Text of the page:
Table 11 Summary of Findings: Job Quality and Positive Work Attitude Outcome Variables
Variables Positive JAs-BL Positive JAs-FU Work Ethic-BL Work Ethic-FU Job Satisfaction-BL Job Satisfaction-FU Summary of Impact "HITS"
Job SSWE or NSWE NS NS NS NS 0.064 NS 1 Job Quality Job Teaches SCANS Skills 0.215 0.156 0.204 0.231 0.170 0.139 6 Relationship with Supervisor 0.082 0.096 0.192 0.189 4 Job Challenge -0.092 NS 0.144 0.264 3 School-Job Conflict -0.115 NS -0.104 NS 2 Job Stress -0.224 -0.203 2 Job Uses Existing Skills 0.138 NS 0.128 NS 2 Job Teaches New Skills .0247 0.217 2 Writing on the Job NS 0.127 NS 0.096 2 Job Training in Hours 0.090 NS 1 Job Factors Weekly Hours Worked 0.227 NS 1 Weekly Job Income -0.185 NS 0.096 NS 2 Individual Characteristics Gender 0.085 0.132 NS -0.105 3 Race 0.163 NS -0.062 -0.088 3 Fathers Education -0.089 -0.095 2 Mothers Education NS 0.118 1 Locus of Control -0.164 -0.094 -0.094 -0.075 4 Positive Self-Concept 0.148 0.250 0.190 0.253 4
Table 12 Summary of Findings: Job Quality and Negative Work Outcome Variables
Variables Work Cynicism-BL Work Cynicism-FU Promotion Cynicism-BL Promotion Cynicism-FU Negative Job Behaviors-BL Negative Job Behaviors-FU Summary of Impact "HITS"
Job SSWE or NSWE NS NS NS NS NS NS 0 Job Quality School-Job Conflict 0.241 0.292 NS 0.123 0.129 0.233 5 Job Teaches SCANS Skills -0.102 -0.104 0.109 NS -0.164 NS 4 Job Uses School Learning NS 0.135 0.166 0.132 3 Relationship with Supervisor NS -0.085 NS -.013 2 Job Uses Existing Skills NS 0.115 -0.09 NS 2 Math on the Job NS -0.076 NS -0.117 2 Writing on the Job NS -0.115 1 Job Training In Hours -0.082 NS 1 Job Stress 0.069 NS 1 Physical Challenge on Job NS -0.093 1 Dealing with People 0.11 NS 1 Job Autonomy NS 0.104 1 Job Factors Weekly Hours Worked -0.058 NS 0.238 2 Weekly Job Income -0.267 1 Individual Characteristics Gender -0.15 -0.192 -0.088 -0.107 -0.181 -0.237 6 Race 0.167 0.185 0.109 0.264 4 High School Class Year -0.112 NS v-0.114 0.093 3 Locus of Control 0.251 0.19 0.285 0.212 0.094 NS 5 Negative Self Concept 0.153 0.167 NS 0.085 NS 0.159 4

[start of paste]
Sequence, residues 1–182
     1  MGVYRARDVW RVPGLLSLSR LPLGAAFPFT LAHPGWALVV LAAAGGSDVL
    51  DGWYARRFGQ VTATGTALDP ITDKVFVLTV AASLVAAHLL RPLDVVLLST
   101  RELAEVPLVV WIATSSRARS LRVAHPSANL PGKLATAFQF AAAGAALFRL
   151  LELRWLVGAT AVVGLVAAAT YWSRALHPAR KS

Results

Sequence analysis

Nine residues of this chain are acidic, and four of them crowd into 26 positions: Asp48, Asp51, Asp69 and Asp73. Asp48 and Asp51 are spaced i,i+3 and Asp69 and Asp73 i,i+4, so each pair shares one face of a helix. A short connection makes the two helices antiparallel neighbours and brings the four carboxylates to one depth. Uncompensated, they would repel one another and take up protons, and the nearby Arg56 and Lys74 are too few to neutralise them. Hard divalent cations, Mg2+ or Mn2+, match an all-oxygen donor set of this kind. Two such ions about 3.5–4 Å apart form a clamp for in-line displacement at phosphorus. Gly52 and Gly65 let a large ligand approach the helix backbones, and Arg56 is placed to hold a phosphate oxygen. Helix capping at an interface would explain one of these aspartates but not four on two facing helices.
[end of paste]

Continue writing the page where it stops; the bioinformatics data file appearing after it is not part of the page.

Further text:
Table 13 Summary of Findings: Job Quality and Work Motivation Outcomes
Variables Social Motivations-BL Social Motivations-FU Economic Motivations-BL Economic Motivations-FU Summary of Impact "HITS"
Job SSWE or NSWE NS NS NS NS 0 Job Quality School-Job Conflict 0.104 0.214 0.102 0.222 4 Job Uses School Learning 0.086 0.156 NS 0.138 3 Job Teaches SCANS Skills 0.166 0.1 2 Job Challenge -0.082 NS 1 Relationship with Supervisor NS NS 0.077 NS 1 Job Stress 0.074 NS 1 Job Variety -0.099 NS 1 Job Teaches New Skills 0.091 NS 1 Job Training in Hours NS -0.139 1 Reading on the Job NS -0.093 1 Job Factors Weekly Hours Worked NS NS NS NS 0 Weekly Job Income NS NS NS NS 0 Individual Characteristics Gender -0.196 -0.155 -0.158 -0.164 4 Race 0.091 0.108 0.154 0.181 4 High School Class Year -0.129 NS -0.099 NS 2 Locus of Control 0.098 0.123 2 Negative Self-Concept 0.089 0.15 0.098 NS 3 Positive-Self-Concept 0.084 NS 1
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JAMES R. STONE III is Associate Professor at the University of Minnesota, Dept. of Work, Community, and Family Education, 1954 Buford Ave., Rm.425, St. Paul, MN 55108, phone number: 612-624-1795, [E-Mail: email@example.com ]. His research focus includes education and work transitions for youth and adults and CTE based school reform.
BHARATH M. JOSIAM is Assistant Professor, School of Merchandizing and Hospitality Management, University of North Texas, Denton, TX 76203, phone number: 940-565-2436, [E-Mail: firstname.lastname@example.org ]. He teaches Management and Marketing in the field of Hospitality, Tourism, and Service Industries. His research interests are youth travel behavior,consumer behavior, and services marketing.